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Microfinance and development finance in India: research implications


  • James Copestake


This paper appraises options for research relating to microfinance in India, doing so in the broad context of rival macro pressures to accelerate economic growth, maintain political order, reduce poverty and adapt to climate change. This paper first set out a general well-being regime framework that can be used for this analysis and sketch the role microfinance plays within it. Section 2 uses it to inform a brief historical discussion of the evolution of microfinance in India. Section 3 develops the analysis further by considering possible effects of three external drivers of change: rising political aspirations; climate change and food insecurity; and new information and communication technology (ICT). Section 4 uses these examples to discuss methodological options for policy-relevant empirical research. It also suggests that microfinance is an important arena for exploring empirically the tension inherent in the idea of development management. The term microfinance is widely used to refer to institutions governing savings, credit, insurance and monetary payments by relatively poor people, including those regulated by both official laws and informal norms. Analysis of microfinance is widely framed as a purely micro issue, centered on the motivation and behavior of specific users and providers. However, such analysis is almost invariably located - whether explicitly or implicitly - in a wider view of how the state, markets and society institute poverty. In India as elsewhere, for example, private microfinance organizations is viewed positively as a force for promoting financial inclusion by “making markets work for the poor”; and at the same time viewed negatively as a smokescreen behind which the state can retreat from a ‘social banking’ strategy of mobilizing much larger resources to challenge pervasive and chronic indebtedness. Following Brett (2009) this paper regards such seemingly polarized views as jointly contributing also to an intermediate “pluralist liberal orthodoxy” struggling to identify the least worst combination of state, market and civic mechanisms for addressing poverty and oppression in countries where their potential to do so is deeply compromised by capacity constraints and vested interests. Microfinance – along with all potential instruments of development – needs to be appraised against country-specific historical realities. Evaluating it instead in relation to a universal view of its role in some idealized market or state-led view of development can be viewed either as a naïve and idle distraction, or as irresponsible and self-serving.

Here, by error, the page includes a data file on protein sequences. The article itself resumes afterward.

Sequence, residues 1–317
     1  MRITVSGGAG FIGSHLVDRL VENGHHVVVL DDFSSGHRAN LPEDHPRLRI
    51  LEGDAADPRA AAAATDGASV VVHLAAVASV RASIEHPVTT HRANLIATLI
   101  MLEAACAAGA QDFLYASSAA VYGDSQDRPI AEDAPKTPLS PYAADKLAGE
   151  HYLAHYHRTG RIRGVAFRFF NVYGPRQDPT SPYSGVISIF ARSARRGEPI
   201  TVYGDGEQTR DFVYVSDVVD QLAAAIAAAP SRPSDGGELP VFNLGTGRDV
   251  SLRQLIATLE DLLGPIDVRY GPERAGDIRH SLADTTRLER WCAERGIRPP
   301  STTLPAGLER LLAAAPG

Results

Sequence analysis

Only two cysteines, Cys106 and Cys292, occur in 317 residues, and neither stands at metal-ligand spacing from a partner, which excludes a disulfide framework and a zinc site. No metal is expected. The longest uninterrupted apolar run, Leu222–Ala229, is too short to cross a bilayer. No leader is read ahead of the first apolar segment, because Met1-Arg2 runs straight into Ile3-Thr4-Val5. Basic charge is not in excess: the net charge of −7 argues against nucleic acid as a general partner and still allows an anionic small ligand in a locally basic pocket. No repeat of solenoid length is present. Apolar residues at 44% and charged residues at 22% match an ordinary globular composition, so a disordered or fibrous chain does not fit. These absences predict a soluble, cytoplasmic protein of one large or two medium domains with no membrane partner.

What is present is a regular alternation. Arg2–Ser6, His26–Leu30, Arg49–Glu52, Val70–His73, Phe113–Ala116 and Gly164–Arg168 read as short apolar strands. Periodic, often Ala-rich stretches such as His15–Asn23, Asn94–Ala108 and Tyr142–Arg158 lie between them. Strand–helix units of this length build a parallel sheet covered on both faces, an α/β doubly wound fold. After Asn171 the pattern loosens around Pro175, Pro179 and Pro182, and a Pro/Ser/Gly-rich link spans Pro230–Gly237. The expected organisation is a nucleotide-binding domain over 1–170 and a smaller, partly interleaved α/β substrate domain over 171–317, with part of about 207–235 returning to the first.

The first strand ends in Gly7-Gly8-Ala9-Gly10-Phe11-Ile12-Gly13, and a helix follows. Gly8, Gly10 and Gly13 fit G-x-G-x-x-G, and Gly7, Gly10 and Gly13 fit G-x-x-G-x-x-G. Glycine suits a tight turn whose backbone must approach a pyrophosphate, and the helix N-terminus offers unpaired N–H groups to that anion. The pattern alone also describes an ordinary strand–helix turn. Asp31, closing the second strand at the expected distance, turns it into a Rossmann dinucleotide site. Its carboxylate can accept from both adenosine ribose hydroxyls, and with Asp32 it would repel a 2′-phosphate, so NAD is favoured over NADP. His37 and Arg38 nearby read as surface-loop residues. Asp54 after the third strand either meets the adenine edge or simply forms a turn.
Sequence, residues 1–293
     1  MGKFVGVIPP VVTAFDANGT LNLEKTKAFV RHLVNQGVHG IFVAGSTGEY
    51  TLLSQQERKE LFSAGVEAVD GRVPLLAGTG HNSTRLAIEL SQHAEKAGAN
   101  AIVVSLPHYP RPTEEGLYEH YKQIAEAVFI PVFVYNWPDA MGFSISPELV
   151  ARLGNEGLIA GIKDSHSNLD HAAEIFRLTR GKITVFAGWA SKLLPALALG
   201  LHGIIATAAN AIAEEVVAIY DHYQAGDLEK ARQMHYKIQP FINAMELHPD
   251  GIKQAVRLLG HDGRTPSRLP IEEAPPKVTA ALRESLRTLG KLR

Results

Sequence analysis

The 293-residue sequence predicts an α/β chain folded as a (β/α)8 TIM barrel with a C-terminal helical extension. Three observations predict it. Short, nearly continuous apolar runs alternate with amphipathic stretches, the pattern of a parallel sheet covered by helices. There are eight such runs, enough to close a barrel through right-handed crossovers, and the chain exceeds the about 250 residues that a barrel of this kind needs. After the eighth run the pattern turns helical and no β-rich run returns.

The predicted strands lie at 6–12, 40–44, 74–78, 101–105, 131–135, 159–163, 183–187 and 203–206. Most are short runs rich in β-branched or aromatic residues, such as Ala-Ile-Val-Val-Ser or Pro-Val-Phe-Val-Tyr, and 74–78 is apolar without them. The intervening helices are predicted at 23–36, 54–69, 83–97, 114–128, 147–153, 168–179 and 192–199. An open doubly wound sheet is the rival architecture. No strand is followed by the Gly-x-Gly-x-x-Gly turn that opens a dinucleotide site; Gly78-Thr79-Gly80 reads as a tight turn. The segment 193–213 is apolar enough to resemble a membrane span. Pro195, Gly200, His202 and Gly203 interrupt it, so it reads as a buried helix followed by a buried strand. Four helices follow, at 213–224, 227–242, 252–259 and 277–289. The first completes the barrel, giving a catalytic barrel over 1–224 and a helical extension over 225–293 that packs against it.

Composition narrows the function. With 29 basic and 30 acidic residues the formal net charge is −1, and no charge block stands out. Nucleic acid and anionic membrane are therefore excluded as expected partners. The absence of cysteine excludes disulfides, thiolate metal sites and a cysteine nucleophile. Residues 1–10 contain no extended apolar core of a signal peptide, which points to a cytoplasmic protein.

Suggested Citation

  • James Copestake, 2010. "Microfinance and development finance in India: research implications," Working Papers CEB 10-028, ULB -- Universite Libre de Bruxelles.
  • Handle: RePEc:sol:wpaper:2013/57621

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    References listed on IDEAS

    1. Baland, Jean-Marie & Bardhan, Pranab & Das, Sanghamitra & Mookherjee, Dilip, 2010. "Forests to the People: Decentralization and Forest Degradation in the Indian Himalayas," World Development, Elsevier, vol. 38(11), pages 1642-1656, November.
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    Cited by:

    1. Jayati Ghosh, 2012. "Microfinance and the Challenge of Financial Inclusion for Development," Ensayos Económicos, Central Bank of Argentina, Economic Research Department, vol. 1(67), pages 7-34, December.

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